About this Research Topic
Various psychological, sociological and philosophical approaches have addressed the necessary condition for living and surviving and repeatedly demonstrated that belonging is a central and essential factor in good life, affecting health, cognitive development, emotional functioning, and quality of life. From the moment of birth, the welfare of any human being is dependent upon the protection and care provided by other human beings. From an evolutionary perspective, the ability to survive is largely dependent upon successful affiliation with other people. And so, when people are socially isolated or marginalized, loneliness motivates a reestablishment of social contacts that are necessary to the welfare and survival of the once lonely individual. Loneliness is a basic human experience that is serving a protective function in that it alerts us to our isolation and the needs to ameliorate it. While loneliness is as basic to being human as breathing and feeling joyous, it has an evolutionary function which is to alert us that we are by ourselves [either objectively or subjectively] and need to act to join back ‘the group’. Just like in nature an animal which is alone becomes the lion’s lunch, so are humans – we cannot survive without others. Loneliness has been linked to various physical and emotional ailments, and can not only be salient in causing illness, but can exacerbate present sickness, and is also related to mortality. Hence, knowing how to address loneliness, cope with its pain, and belong to a group are essential to a fulfilling life.
It is said that loneliness is now an epidemic, which is enhanced by technology, and the western culture’s dictates that we need to be independent self-sufficient. Britain’s assignment of a minister for loneliness has brought it to the attention, not only of politicians, but of academicians and the public at large.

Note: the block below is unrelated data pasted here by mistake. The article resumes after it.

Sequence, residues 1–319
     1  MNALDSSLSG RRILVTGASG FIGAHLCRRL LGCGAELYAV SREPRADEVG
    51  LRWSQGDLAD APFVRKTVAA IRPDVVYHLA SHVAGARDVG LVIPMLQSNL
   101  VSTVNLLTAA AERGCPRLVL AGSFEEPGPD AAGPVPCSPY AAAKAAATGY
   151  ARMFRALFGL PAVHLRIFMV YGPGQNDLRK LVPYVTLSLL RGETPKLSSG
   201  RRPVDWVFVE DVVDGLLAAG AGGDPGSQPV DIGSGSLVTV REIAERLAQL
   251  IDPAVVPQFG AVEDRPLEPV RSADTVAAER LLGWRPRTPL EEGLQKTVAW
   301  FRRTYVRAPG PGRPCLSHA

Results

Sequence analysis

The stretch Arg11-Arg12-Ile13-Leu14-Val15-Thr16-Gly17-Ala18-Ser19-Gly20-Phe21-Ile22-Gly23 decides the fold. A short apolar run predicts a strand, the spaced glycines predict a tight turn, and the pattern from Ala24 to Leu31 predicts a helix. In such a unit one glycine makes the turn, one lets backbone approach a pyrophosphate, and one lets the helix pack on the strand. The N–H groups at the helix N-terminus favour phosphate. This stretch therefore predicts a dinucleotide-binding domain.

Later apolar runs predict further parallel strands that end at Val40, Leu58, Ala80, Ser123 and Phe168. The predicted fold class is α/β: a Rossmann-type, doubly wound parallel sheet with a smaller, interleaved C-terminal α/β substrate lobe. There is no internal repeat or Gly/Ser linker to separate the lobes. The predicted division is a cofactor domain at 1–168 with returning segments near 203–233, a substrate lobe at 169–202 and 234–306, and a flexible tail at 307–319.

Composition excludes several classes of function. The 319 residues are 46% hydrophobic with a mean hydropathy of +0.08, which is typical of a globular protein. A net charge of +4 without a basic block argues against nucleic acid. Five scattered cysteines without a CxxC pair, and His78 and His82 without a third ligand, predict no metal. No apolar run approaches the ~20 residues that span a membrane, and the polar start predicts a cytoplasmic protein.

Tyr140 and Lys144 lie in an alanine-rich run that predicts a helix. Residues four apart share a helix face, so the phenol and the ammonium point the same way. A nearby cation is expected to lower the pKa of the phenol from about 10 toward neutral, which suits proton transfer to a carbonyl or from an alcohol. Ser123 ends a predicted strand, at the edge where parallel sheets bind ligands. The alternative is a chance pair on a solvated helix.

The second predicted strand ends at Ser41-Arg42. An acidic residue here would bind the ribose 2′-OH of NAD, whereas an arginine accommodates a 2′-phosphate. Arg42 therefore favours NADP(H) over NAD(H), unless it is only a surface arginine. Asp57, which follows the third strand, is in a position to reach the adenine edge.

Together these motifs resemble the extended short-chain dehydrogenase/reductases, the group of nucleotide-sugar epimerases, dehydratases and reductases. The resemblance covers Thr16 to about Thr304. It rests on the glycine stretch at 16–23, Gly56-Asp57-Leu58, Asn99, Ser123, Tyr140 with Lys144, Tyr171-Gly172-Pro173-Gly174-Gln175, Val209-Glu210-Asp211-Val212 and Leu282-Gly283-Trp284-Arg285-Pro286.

Research over the past decades has crystalized that loneliness is an unwanted painful experience, which is a universal and integral part of living, and is experienced when specific conditions are present, such as a significant loss of a loved one, a childhood marred by loneliness, and anxious and avoidant attachment to significant adults in infancy, and fear of intimacy that one may develop. These days, research is aiming to find how loneliness affects various aspects of our lives, such as intimate relationships, choosing a profession, enhancing medical treatment of those who suffer physically and may be helped by belonging, helping the elderly and those struggling with congenital deformities and other illness cope with the loneliness that is often part and parcel of their condition, and addressing loneliness in death and dying.
Therefore, this Research Topic will be devoted to two central themes in human lives: the need to belong, and the loneliness that results when that need is not fulfilled. In particular, we welcome contributions addressing the following subtopics:
• Loneliness in intimate relations
• Belonging and it effects on health and illness
• Loneliness in clinical settings [hospitalization and mental institutions]
• Loneliness in death and dying
• Coping with loneliness.
Articles, especially review articles, are sought from psychologists, social workers or sociologists for instance since belonging and loneliness are present for all, at different times and place.
Keywords: Loneliness, Belonging, Social contacts
Important Note: All contributions to this Research Topic must be within the scope of the section and journal to which they are submitted, as defined in their mission statements. Frontiers reserves the right to guide an out-of-scope manuscript to a more suitable section or journal at any stage of peer review.